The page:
Congressman Sanford Bishop

Representing the 2nd District of Georgia

Statment in Support of Funding for Public Libraries

Mr. BISHOP (GA). Mr. Speaker, I rise today to oppose Rep. SCOTT GARRETT’s amendment to the FY2011 Continuing Resolution.  His proposal to erase funding for the Institute of Museum and Library Services will effectively
eliminate all specific federal funding for libraries. Doing so would cut off access to information for millions of Americans.

I believe our government needs to be more fiscally responsible, but as the son a librarian, I know the high cost these cuts will have in the long term. If we are serious about competing in a global economy, we must provide our children with the tools and resources to succeed, and cutting funds for our libraries will only hinder our chance to win the future.

As a nation, we cannot afford to cut ourselves off from such necessary tools for economic recovery as books, periodicals, newspapers, the internet, and the bevy of information our public libraries provide. If funding for public libraries is removed, the Georgia Public Library Service will no longer be able to provide the following:

  • The statewide network of high-speed Internet data lines providing access to all 400+ libraries in Georgia
    The award-winning, nationally-recognized PINES network and statewide library card system, which is used by more than 2.4 million Georgians and provides statewide lending via a shared database of more than 10 million items
  • A Statewide daily courier service for interlibrary loans to the headquarters of all 61 public library systems in Georgia—nearly 1 million books shared in this way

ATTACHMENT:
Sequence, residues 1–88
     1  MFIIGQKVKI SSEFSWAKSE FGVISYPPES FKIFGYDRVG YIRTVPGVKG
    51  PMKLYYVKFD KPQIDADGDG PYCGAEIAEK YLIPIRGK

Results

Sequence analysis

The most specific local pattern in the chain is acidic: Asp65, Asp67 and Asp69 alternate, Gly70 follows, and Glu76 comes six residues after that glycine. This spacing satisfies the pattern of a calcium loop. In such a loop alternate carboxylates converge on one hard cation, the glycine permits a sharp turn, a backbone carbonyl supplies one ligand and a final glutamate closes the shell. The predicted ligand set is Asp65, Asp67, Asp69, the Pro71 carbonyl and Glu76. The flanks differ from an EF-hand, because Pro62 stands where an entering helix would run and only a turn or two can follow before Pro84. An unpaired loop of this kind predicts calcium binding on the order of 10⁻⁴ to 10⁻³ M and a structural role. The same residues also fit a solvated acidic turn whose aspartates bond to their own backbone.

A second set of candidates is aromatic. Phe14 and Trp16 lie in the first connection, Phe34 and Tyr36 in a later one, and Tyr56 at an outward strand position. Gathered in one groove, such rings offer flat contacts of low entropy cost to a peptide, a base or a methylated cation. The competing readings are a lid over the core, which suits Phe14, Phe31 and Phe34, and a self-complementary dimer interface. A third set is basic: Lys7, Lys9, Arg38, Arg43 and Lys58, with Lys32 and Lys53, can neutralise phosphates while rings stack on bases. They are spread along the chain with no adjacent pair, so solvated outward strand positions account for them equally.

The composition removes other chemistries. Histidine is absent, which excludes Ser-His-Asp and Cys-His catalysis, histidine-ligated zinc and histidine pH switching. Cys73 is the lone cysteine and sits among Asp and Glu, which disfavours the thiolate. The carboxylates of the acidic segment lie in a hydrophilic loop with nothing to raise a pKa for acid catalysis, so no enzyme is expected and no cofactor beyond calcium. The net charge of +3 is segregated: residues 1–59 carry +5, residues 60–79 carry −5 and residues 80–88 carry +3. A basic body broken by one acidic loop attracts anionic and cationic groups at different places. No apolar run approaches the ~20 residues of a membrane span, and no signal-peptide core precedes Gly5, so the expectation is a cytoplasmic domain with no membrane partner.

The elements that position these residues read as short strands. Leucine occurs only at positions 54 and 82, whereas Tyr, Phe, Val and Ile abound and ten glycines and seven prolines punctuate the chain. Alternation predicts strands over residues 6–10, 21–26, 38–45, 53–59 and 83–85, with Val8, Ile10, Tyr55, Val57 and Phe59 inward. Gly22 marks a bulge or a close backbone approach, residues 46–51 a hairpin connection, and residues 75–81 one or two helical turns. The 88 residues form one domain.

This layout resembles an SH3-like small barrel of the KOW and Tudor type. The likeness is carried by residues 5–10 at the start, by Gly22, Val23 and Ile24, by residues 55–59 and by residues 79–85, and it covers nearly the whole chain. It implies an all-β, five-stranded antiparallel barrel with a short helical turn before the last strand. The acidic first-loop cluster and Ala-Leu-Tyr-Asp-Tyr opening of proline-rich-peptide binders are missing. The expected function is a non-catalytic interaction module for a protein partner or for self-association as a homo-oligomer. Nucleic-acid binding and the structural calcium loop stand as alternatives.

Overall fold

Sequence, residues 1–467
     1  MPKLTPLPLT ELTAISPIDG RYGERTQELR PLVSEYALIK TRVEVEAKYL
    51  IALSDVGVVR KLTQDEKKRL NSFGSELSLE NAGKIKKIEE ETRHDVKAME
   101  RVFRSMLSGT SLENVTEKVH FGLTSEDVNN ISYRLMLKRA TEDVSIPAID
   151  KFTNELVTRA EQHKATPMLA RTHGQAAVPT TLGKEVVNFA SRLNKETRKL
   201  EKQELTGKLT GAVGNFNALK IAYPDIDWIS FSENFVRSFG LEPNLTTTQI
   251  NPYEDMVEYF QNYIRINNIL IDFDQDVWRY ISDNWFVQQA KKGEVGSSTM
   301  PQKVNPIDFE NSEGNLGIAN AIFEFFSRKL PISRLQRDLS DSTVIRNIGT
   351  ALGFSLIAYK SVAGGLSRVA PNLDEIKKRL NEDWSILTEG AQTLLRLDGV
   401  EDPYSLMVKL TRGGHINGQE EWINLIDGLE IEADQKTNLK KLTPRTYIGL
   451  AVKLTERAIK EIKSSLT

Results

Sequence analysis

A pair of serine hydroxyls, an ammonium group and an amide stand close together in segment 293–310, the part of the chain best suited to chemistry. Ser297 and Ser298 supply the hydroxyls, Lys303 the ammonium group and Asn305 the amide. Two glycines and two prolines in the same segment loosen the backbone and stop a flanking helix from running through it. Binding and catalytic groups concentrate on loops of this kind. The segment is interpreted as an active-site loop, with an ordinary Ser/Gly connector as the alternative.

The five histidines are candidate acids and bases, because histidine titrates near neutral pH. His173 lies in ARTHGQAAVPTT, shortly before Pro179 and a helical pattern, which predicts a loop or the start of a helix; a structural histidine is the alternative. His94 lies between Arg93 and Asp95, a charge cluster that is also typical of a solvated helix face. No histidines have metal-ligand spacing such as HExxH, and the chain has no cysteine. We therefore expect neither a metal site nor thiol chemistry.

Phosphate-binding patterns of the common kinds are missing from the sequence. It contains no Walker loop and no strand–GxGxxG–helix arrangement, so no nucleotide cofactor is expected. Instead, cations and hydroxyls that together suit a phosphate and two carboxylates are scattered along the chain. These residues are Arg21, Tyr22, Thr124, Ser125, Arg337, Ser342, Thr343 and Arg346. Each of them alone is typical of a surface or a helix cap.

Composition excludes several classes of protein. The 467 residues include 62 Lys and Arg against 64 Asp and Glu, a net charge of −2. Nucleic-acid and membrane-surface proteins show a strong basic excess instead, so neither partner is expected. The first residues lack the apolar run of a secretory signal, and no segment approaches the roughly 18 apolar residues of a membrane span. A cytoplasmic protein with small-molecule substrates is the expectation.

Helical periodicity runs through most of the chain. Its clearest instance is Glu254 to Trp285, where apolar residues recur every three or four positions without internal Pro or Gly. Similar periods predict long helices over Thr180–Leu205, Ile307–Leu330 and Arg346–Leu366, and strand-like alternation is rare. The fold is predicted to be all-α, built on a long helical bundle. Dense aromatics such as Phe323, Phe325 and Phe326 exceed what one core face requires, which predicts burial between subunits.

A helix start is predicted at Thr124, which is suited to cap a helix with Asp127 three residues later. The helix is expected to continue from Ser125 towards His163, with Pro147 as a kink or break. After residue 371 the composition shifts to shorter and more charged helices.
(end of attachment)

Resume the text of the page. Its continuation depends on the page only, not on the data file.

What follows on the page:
• ‘‘Talking book’’ library services for the blind and other Georgians whose physical abilities require the use of books and magazines in audio format or in Braille—encompassing more than 1 million annual circulations
  • The GALILEO online databases, which contain essential quality digital resources for students (kindergarten through higher education), teachers, professors and public library users
  • The statewide Summer Reading Program, which served approximately 450,000 children in 2010—an increase of more than 10 percent from 2009
  • Shared services that provide necessary OCLC cataloging information and interlibrary loan access to every library in the state
  • Continuing education programs and training for library staff who work in all types of libraries— public, university, K–12 and specialized— and for trustees
  • Consulting services to assist in improving local library operations in technology, governance, services to children, and other areas.

As we bounce back from the recession, it is clear that more Georgians are turning to our public libraries for informational and educational needs. Libraries play a critical role in workforce recovery and economic development throughout our state. These funds allow Georgia’s libraries to take advantage of economies of scale that benefit all libraries.  The loss of these critical funds would force the elimination of services essential to Georgia residents of all ages—and this, Mr. Speaker, is at a cost we cannot afford!